During the crisis:

Whether you are in the middle of a cluster or trying to survive a violent outburst, it’s important to keep your cool.

  • Practice deep breathing. If you aren’t hyperventilating, stick a peppermint in your mouth and focus on how the cool air feels in your throat.

  • Grab a stress ball and squeeze as hard as you can.

  • Create a mantra to chant during the hard moments. This is a short, meaningful phrase that you can cling to when everything feels chaotic.

  • Imagine something fantastical. Sometimes I take a cue from the old TV show, Scrubs and imagine something wild happening in the midst of the chaos. Maybe the person screaming suddenly starts to shrink until they are two inches tall, and thus much less intimidating. Or I might imagine actual thunder and lightning coming out of her fist and then Thor getting mad at her for stealing his schtick. Typically the wilder and more irreverent the better.


On a daily basis, we need to take a few minutes to recharge. If this starts to feel like another overwhelming item on your to-do list, you’re doing it wrong. It’s just about giving yourself a chance to recover from life. That means that it’s especially important when life feels like a beating.

  • Reach out to a friend. The temptation is to just scroll mindlessly through social media but that’s numbing. You can use technology but chat with a specific person in a way that makes you feel connected.

  • Take care of your body. Go for a walk or exercise. Take a shower(!) and use a delicious smelling soap. Get some sleep.

  • Watch videos of baby pandas or dogs or cats. Whatever random thing makes you smile, give yourself permission to enjoy it for a few minutes.


If you’re going to spend a little money on self-care, this is where that might happen but it doesn’t have to. I pay to get my nails done because it makes me happy. I have friends who get regular massages or take time out for hobbies. Lots of parents with special needs kids are short on time, money and childcare. It’s important that we understand our limitations while finding ways to care for ourselves in spite of them.

  • Read whatever feeds your soul. Whether that’s scripture, horror, trashy romance or a comic book, indulge in reading that you enjoy.

  • Go on a date night. Sometimes that might mean eating cold pizza in the backyard at 2:00AM but find some time to reconnect with your partner.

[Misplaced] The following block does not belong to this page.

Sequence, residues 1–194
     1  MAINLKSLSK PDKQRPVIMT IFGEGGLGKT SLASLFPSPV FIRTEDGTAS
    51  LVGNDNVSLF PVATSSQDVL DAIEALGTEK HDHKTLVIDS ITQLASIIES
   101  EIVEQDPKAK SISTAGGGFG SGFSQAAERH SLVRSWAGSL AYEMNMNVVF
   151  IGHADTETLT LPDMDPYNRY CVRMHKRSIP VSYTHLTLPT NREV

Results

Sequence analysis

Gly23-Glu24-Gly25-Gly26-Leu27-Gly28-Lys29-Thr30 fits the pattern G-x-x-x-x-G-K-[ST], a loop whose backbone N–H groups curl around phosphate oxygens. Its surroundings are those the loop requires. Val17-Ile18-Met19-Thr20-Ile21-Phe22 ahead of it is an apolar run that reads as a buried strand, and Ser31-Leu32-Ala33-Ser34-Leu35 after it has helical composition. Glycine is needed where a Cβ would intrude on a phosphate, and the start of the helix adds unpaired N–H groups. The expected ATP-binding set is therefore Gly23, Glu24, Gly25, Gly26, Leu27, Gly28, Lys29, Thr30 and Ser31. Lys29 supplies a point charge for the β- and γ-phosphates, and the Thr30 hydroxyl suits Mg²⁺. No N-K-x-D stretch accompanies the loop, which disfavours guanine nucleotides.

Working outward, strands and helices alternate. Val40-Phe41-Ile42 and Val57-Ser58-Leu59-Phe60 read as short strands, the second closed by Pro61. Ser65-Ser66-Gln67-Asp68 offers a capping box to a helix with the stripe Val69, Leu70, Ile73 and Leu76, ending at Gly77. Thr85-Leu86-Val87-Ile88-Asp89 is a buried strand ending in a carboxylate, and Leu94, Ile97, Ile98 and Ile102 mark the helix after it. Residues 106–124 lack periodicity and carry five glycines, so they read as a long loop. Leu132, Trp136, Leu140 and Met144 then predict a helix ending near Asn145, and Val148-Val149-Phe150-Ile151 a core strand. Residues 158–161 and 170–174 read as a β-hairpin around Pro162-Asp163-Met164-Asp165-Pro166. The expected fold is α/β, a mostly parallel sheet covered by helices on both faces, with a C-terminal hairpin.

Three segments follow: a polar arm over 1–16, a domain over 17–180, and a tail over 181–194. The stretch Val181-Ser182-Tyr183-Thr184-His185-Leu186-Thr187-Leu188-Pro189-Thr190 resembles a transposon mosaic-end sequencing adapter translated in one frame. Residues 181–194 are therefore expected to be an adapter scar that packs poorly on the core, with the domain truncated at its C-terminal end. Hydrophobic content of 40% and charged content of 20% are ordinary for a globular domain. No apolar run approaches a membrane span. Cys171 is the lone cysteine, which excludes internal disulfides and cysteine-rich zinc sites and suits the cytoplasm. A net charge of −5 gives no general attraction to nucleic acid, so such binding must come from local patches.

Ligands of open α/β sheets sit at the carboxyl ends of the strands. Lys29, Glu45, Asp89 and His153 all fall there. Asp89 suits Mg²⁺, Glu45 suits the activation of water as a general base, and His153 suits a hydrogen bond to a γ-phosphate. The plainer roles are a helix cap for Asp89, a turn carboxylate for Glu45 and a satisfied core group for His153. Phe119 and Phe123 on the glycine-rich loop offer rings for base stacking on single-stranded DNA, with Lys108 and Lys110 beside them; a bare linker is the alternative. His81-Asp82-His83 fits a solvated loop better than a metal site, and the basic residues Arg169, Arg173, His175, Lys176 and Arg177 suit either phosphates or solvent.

• Find a hobby. I did mixed martial arts for a few years after Alyssa was diagnosed and it kept me sane. There are parents in the Alliance who do glass making, crafting, a whole variety of sports and other pursuits. Don’t give in to the message that you have to give up every part of yourself during this season. Instead, give yourself permission to try something new and make your own mental health a priority too.

Raising a child with PCDH19 epilepsy can feel overwhelming. I’m a therapist who has taken the classes and read the books and I still struggle. That’s because this is hard. It is gut wrenching, screaming into your pillow in the middle of the night, hard. None of the self-care strategies I shared are magic bullets that will make everything better overnight. They won’t suddenly make surviving a cluster or managing a meltdown enjoyable. Instead, they will help sustain you on this journey so that you’ll have fewer days when running away on a four wheeler feels like a legitimate option. Please take some time today to take care of yourself and encourage the other exhausted, special-needs parents in your world to do the same.

*Dr. Khyati Brahmbhatt will be presenting on some behavioral management at the PCDH19 conference in June. If you have a child with PCDH19, that session promises to be very helpful.


Le is a counselor, a wife, and a mom to three kiddos. Her daughter, Alyssa, is 9 years old and was diagnosed with PCDH19 Epilepsy in 2013. She shares her journey on Mom* and would love to connect with you on Facebook or Instagram